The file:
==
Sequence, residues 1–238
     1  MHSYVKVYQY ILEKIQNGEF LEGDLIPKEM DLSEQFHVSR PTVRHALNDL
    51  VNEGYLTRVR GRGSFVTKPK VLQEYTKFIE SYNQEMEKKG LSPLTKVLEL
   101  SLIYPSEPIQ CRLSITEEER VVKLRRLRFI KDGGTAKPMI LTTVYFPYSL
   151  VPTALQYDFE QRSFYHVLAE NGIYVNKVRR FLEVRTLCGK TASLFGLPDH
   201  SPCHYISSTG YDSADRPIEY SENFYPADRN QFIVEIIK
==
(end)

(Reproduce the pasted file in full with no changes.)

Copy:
Sequence, residues 1–238
     1  MHSYVKVYQY ILEKIQNGEF LEGDLIPKEM DLSEQFHVSR PTVRHALNDL
    51  VNEGYLTRVR GRGSFVTKPK VLQEYTKFIE SYNQEMEKKG LSPLTKVLEL
   101  SLIYPSEPIQ CRLSITEEER VVKLRRLRFI KDGGTAKPMI LTTVYFPYSL
   151  VPTALQYDFE QRSFYHVLAE NGIYVNKVRR FLEVRTLCGK TASLFGLPDH
   201  SPCHYISSTG YDSADRPIEY SENFYPADRN QFIVEIIK